Run the UMDH tool to get key problem-solving data and cut support-call time
|Executive Summary: You probably can’t avoid tech support problems entirely, but by using tools that Microsoft’s Global Escalation Services support team uses, you can obtain detailed Windows system and application information that can shorten a support call or even avoid it. In this first What Would Microsoft Support Do? column, Microsoft Escalation Engineer Michael Morales shows you how to use the user-mode dump heap (UMDH) tool (umdh.exe, one of the Debugging Tools for Windows) to diagnose a process memory leak on a system and use UMDH’s output to solve the problem more quickly.|
If you manage a Windows environment, you know that a call to tech support is an inevitable part of your job. But there are things you can do to help resolve support issues faster—and perhaps avoid the dreaded support call entirely. In nine years as an escalation engineer for Microsoft’s Global Escalation Services support team, I’ve found a number of Microsoft tools especially helpful for resolving tech support issues. In this new column, What Would Microsoft Support Do?, I’ll show you how you can use these tools to obtain valuable information that will help you either facilitate your tech support call or research your own solution. We’ll start our exploration of Microsoft’s troubleshooting tools by walking through using the user-mode dump heap (UMDH) tool to identify and solve a memory-leak problem.
Troubleshooting a Memory Leak
UMDH (umdh.exe) is part of the Debugging Tools for Windows, which you can download at www.microsoft.com/whdc/devtools/ debugging/installx86.mspx#a. UMDH aids in troubleshooting process memory leaks by revealing the components responsible for allocating the most memory. You can use UMDH with Windows Server 2008, Windows Server 2003, Windows 2000 Server, Windows Vista, and Windows XP systems.
I recently used UMDH to solve a customer’s memory-leak problem. The customer’s Performance Monitor logs indicated that the svchost.exe process was leaking enough memory to cause the entire system to crawl. However, the information didn’t pinpoint what components were involved in the leak or the functions those components executed—information that UMDH could provide.
Using UMDH to troubleshoot a memory leak involves a sequence of straightforward steps. Here’s the process:
1. Use the gflags.exe tool to enable the registry setting Create user mode stack trace database. This setting lets the system store the process’s function calls and module listing in a database during execution; UMDH then dumps the database into an output file. Gflags is installed when you install the Debugging Tools for Windows. This sample gflags.exe command enables a setting for the notepad.exe process:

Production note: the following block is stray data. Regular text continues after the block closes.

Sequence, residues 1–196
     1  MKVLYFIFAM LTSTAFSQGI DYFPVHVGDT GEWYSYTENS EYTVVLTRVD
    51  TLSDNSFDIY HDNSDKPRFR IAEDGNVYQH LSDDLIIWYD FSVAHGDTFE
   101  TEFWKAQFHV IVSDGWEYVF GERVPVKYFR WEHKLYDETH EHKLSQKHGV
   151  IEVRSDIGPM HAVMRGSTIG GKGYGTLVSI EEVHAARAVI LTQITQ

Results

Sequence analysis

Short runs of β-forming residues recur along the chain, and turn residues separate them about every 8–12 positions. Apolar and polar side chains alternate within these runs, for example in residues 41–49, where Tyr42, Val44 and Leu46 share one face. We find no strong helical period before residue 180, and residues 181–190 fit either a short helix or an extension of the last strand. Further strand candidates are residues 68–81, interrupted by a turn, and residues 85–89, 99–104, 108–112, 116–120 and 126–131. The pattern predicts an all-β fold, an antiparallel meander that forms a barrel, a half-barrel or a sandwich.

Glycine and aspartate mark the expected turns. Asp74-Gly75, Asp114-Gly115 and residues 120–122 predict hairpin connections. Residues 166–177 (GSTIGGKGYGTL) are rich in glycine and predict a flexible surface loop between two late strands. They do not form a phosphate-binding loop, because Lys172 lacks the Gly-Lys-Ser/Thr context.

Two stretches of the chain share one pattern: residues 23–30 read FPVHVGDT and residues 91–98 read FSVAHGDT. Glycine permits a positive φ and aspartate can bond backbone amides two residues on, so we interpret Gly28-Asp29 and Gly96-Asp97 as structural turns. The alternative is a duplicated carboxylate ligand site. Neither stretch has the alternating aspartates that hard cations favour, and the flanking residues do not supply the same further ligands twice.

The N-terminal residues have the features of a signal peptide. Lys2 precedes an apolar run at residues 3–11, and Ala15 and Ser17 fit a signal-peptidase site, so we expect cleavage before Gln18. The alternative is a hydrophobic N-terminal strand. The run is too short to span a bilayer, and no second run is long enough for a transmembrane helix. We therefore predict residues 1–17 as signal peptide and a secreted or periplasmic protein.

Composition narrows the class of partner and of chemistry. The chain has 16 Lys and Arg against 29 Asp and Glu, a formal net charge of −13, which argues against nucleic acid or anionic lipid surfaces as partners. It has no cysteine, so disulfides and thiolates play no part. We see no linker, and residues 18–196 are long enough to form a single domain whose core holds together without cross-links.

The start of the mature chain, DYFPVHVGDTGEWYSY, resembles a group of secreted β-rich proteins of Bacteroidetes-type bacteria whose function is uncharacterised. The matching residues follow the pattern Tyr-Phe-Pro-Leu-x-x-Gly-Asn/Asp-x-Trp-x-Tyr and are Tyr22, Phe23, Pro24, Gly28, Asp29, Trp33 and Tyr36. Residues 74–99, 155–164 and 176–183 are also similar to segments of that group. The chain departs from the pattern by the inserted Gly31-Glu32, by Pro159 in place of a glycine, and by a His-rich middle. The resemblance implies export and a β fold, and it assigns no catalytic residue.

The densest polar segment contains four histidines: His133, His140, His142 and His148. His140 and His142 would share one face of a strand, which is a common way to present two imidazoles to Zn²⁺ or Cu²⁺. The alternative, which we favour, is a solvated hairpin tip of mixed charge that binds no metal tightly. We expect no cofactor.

gflags.exe -i notepad.exe +ust
The command sets a registry value that’s read by the system during process startup and lets the system keep track of the threads that allocate memory inside the process. After running gflags.exe to enable the setting, you’ll need to restart the process before you can perform step 3. Also, remember to turn off the setting after you’ve completed the necessary tracing for a leaking process. The following command disables gflags.exe for the notepad.exe process:
gflags.exe -i notepad -ust
2. Set up the Microsoft symbol path to point to the Internet for symbols. Enabling symbols lets UMDH output the process trace information in a readable format. Without symbols, each line in the trace output will show the word “module”’ instead of an actual .dll name and numbers instead of the function name (more about the trace output shortly).
To enable symbols, right-click My Computer, click Properties and the Advanced Tab, then click the Environment Variables button. Under System Variables, click the New button, and in the Variable name box, enter
In the Variable value box, enter the symbol path srv*c:\symbols* http://msdl.microsoft.com/download/symbols. UMDH will use the symbol path to display the components responsible for leaking memory. (This symbol path is valid for Server 2008, Windows 2003, Win2K, Vista, and XP.)
3. Now you can take your first UMDH snapshot. To do so, from the command line, navigate to the location where you’ve installed the debugging tools. Then enter a command like this:
C :\debug>umdh -p:260 -f:Notepad1.txt
(Here, I installed the tools in the C:\debug directory.) The -p: is the process ID of the leaking process (which you can obtain from Performance Monitor or Task Manager), and the -f: is the name you’ve chosen for the first snapshot file.
4. Allow enough time between the first and second snapshots to ensure that the process leaks memory. While you’re waiting between snapshots, you can use Performance Monitor to see how much memory is being leaked.
5. Take your second snapshot, for example
C :\debug>umdh -p:260 -f:Notepad2.txt
6. Now compare the two snapshots, by running a command like this: